Louisville, Ky. (WHAS11) - Bringing polar bears to Louisville could help polar bears around the world
The Louisville Zoo's new $25 million Glacier Run exhibit opens up Tuesday, April 26.
One of the exhibit's main features is "Arki" the polar bear.
She's found a new home here in Louisville and seems happy and eating well. We're lucky to have Arki in Louisville since polar bears are now on the threatened species list.
You can learn a lot about polar bears here at the glacier run exhibit at the Louisville Zoo. You can learn even more from polar bears international; a non-profit organization showing the world and even you in Kentuckiana how to conserve the polar bear population.
Robert Buchanan, president and CEO of polar bears international says climate change will be responsible for the declining polar bear population. Less ice means fewer habitats and less food for the bears. He says you don't have to go to the arctic to make a difference. Basically, just do what you can to go green. Participate in reforestation, save energy, recycle, and educate.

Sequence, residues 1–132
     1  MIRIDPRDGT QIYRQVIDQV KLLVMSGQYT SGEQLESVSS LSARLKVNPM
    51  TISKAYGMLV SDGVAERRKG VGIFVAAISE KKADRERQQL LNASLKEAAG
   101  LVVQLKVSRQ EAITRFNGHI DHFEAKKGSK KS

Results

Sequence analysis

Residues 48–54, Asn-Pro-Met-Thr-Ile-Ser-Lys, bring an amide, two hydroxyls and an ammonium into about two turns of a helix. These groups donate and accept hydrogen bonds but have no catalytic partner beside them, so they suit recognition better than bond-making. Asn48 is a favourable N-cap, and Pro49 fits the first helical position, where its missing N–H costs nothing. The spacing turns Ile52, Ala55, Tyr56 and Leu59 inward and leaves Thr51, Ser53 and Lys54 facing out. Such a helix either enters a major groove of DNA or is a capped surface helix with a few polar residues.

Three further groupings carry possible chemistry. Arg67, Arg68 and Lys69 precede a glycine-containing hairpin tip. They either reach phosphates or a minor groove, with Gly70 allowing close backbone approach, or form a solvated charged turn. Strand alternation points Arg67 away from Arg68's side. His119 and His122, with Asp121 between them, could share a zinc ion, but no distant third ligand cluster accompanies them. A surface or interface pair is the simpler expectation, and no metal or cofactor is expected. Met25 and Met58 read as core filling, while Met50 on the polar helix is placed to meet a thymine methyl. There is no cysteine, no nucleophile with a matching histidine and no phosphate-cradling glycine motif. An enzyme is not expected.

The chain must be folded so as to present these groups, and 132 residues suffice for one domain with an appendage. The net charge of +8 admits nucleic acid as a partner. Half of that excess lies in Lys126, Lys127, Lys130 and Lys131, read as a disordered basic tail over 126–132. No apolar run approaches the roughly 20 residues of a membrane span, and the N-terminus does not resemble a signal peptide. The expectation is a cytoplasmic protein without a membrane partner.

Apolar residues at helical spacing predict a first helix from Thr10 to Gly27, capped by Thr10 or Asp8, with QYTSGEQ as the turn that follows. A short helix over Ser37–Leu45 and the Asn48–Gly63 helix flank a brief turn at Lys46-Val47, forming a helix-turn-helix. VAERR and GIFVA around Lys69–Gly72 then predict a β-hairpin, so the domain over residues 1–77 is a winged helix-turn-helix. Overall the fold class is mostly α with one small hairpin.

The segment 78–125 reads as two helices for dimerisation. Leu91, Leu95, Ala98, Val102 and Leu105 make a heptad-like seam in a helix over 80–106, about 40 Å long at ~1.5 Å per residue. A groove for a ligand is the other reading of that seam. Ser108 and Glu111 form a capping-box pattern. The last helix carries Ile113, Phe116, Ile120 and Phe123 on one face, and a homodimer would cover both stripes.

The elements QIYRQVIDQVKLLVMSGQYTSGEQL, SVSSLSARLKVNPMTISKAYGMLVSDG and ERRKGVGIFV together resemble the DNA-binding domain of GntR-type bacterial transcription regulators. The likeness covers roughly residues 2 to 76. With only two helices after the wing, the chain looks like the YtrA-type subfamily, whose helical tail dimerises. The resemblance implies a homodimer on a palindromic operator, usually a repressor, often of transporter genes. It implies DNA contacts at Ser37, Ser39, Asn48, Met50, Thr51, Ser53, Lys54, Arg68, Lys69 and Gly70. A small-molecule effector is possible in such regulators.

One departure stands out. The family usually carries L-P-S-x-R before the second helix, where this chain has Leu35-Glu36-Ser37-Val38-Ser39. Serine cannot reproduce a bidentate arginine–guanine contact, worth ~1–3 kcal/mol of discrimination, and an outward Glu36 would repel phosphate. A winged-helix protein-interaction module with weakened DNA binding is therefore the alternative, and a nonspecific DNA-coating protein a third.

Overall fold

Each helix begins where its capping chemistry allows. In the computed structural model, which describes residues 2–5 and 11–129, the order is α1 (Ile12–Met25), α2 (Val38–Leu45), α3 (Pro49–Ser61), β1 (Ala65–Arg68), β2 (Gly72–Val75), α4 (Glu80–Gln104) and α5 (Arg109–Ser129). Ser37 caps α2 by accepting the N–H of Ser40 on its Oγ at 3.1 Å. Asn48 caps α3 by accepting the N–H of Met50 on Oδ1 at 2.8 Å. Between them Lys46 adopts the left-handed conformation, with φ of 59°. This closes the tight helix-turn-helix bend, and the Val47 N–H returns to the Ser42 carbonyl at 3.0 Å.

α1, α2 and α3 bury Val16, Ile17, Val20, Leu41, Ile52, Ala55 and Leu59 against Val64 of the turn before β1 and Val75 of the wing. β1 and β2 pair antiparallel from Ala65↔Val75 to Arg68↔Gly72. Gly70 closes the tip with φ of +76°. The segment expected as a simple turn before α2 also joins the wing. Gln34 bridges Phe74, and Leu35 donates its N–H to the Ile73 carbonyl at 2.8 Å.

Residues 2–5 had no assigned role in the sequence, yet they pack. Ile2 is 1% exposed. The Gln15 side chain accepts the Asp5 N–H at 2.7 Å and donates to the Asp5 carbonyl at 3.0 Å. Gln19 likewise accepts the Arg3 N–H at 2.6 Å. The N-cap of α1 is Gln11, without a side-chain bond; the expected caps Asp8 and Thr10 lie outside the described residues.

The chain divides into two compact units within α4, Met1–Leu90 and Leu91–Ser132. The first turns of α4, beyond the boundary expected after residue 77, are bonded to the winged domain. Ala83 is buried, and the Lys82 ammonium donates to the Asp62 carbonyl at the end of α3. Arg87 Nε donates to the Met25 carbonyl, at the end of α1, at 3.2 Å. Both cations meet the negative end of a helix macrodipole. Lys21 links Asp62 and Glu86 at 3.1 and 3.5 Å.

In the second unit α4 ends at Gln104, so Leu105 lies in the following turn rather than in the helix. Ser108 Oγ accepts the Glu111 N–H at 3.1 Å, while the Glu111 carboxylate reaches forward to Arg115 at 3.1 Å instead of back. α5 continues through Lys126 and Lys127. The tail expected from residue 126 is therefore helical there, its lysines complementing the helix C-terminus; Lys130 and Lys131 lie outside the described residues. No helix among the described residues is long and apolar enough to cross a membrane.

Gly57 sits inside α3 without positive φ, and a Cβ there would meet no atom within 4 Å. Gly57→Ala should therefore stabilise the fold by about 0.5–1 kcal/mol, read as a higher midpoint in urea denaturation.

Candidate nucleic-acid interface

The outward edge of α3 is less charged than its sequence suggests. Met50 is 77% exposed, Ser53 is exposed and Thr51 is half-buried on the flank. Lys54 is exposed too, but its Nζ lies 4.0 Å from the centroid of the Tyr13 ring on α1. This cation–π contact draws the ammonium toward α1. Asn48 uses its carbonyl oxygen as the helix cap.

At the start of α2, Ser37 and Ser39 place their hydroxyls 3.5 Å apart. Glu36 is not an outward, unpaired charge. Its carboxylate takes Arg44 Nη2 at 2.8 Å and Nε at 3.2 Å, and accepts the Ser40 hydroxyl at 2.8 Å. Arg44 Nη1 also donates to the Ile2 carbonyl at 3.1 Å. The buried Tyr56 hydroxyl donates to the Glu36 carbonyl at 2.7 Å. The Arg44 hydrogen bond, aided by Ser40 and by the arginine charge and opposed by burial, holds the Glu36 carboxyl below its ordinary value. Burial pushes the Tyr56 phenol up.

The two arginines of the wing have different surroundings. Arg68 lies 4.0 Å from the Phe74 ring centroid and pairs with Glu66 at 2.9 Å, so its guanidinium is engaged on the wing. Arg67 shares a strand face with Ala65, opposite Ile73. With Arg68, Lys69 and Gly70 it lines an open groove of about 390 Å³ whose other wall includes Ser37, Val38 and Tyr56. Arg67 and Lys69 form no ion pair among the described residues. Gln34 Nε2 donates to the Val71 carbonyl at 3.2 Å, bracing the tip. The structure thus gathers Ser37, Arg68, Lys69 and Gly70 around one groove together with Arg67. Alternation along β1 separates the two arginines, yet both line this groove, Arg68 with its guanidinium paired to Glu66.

"We will lose two-thirds of the polar bears that live on the earth by mid-century. Your grandchildren's grandchildren will be talking about polar bears as if they were dinosaurs, you know, that's not right. By simply changing the way we take care of this precious planet that's been given to us, there is no risk. There is no downside. Teaching our kids to cherish the gifts that have been given to us,” said Buchanan.
“Polar bears are a sentinel species, that means they are the canary in the mine shaft, they are the alarm bell for all of us. There is no colder place for them to go, they're at the top. So, when they disappear, there is a possibility that other species will have domino effect," he said.
So say hi to Arki the polar bear soon. Taking your children to the Louisville Zoo - an arctic ambassador center - might be the first step in creating a future generation willing to help this big and beautiful, but threatened species.
Visit polarbearsinternational.org to find out you can help and learn more about polar bears.